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Friday, May 8, 2015

Vadimir Putin spending £5m in keeping rain away from V-Day Parade

9th May is an important day for Russia – it is Victory Day marking capitulation of  Nazi Germany to the Soviet Union in the part of the Second World War, following the signing of the surrender document in May 1945.  The Soviet government announced the victory early on 9th  May after the signing ceremony in Berlin.  In the former Soviet Union this festival was celebrated to commemorate the Red Army's victory over the Nazi forces.  In communist East Germany, 8th  May was officially known and celebrated as "Liberation Day" and was a public holiday between 1950 and 1966, and again on the 40th  anniversary in 1985.

Tomorrow, it is being planned to be celebrated big – ‘the 2015 Moscow Victory Day Parade’ to take place in Red Square in Moscow, commemorating the 70th  anniversary of the capitulation.  The annual parade marks the Allied victory in the Second World War at the Eastern Front,   President of the Russian Federation Vladimir Putin will also deliver his twelfth holiday address to the nation on this day, right after the parade inspection to be presided by Minister of Defense General of the Army Sergey Shoigu. Being a landmark jubilee parade honouring the 70th anniversary, this year's parade is expected to be one of the biggest and largest to be held in Russian history. Alongside Presidents of Serbia, Vietnam, China, North Korea, Egypt, Indian President Pranab Mukherjee is also expected to attend.  In all, 27 international leaders are expected to be in attendance this year, including heads of UNESCO and the Council of Europe.

Russia’s legendary firearms producer Kalashnikov will for the first time introduce the modernized AK-74M at the parade.  Kalashnikov claims that the famous assault rifle will now be 50 percent more accurate. The new assault rifles will be equipped with modern optoelectronic and laser aiming devices, gun flashlights for low visibility and low noise shooting equipment, the Kalashnikov Concern said Tuesday. The rifle will also include a 40-mm grenade launcher and a bayonet.  The upgraded AK-74M will be 50 percent more accurate at a distance of up to 300 meters at any time of day and in various weather conditions, the company added.

...... the interesting news is that Vadimir Putin has spent  £5m on making sure it doesn't rain during  V-Day Parade.  Jets are  to spike clouds with chemical cocktail though it would mean that  villages 40 miles away will get deluged).  This act would guarantee  sunshine  during the annual parade. 

MailOnline reports that Vladimir Putin is preparing to play God and spike clouds with a chemical cocktail to prevent it raining on his vast Red Square military parade on Saturday. Reports say the Kremlin is ready to splash out £5million to use Soviet technology which should guarantee sunshine for the commemoration of the 70th anniversary of the end of the Second World War in Europe - and Putin's 15th year as Russia's head of state. Ahead of the parade, a fleet of Russian air force planes are on standby from around 6am to fly from an airbase north of Moscow to spray special reactant chemical agents over any thick clouds, causing them to release their rainfall in downpours before reaching the capital.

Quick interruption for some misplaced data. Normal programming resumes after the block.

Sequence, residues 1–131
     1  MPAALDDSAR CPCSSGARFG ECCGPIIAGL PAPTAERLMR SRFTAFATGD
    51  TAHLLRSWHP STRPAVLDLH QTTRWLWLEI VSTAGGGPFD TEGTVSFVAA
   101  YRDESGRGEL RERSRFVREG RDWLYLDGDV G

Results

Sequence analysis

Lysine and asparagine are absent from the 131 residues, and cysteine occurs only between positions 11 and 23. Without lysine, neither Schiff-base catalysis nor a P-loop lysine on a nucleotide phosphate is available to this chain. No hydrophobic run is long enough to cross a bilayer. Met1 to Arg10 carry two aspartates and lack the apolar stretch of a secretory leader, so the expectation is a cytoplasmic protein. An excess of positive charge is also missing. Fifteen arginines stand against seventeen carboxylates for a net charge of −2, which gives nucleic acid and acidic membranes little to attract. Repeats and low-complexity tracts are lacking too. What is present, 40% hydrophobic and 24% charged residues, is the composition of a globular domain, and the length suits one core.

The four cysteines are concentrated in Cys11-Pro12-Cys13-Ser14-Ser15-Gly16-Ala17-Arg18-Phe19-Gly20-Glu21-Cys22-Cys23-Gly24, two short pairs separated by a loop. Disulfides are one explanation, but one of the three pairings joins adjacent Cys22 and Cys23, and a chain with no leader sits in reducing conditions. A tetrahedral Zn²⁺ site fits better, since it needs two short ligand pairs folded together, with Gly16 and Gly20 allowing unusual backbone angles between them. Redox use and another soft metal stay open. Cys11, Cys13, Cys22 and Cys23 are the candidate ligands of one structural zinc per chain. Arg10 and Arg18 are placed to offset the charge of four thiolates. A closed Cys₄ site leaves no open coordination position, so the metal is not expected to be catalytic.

Cloud spiking or seeding involves spraying clouds with a cocktail of silver iodide, liquid nitrogen and dry ice. The icy particles freeze water droplets so that they continue growing in size and eventually fall out of the cloud as snow which turns to rain before it reaches the ground.  As a result central Moscow should be bathed in sunshine, or at least dry, for the major commemoration of Victory Day - one of the most hallowed in the Russian calendar. However, hapless villages around 40 to 60 miles from the capital can expect to be deluged. 

Globally, it is now considered a mainstream tool and it has become a tradition in China to ‘seed’ clouds before public holidays to induce rain, disperse pollution and ensure clear blue skies. The 10 ageing Soviet-era Antonovs and Illuyshin planes are being prepared to use spray cannons to blast any lurking dark clouds with a cocktail of weather-changing chemicals to prevent a Red Square washout. A record 400million roubles has been allocated this year to seed the clouds using a system pioneered under Stalin. Military spokesman Colonel Vladimir Drik has told previously how the aircraft fly from Chkalovsky air base before beginning work at an altitude of 8,000 metres to 'correct' the adverse weather.  'For dispersion of clouds, the Air Force uses specially refurbished An-26 and An-12 transport planes supplied with reagents,' he explained.

At the end of the Soviet era, a former KGB official suggested the system could be marketed to Britain to prevent washouts at Wimbledon fortnight - and Test Match cricket. The proposal never got off the ground, but the Russians regularly use the cloud-spiking technique on big occasions. It was once used to ease torrential rain at an open air Michael Jackson concert in Moscow. The system does not always work: in 2012, the planes failed to clear the leaden skies for the Victory Day parade. The Russians deny criticism that the operation is harmful to the environment.

Despite being wartime allies with the USSR against Hitler, neither Britain not the US will be represented at head of government level.

With regards – S. Sampathkumar

8th May 2015.

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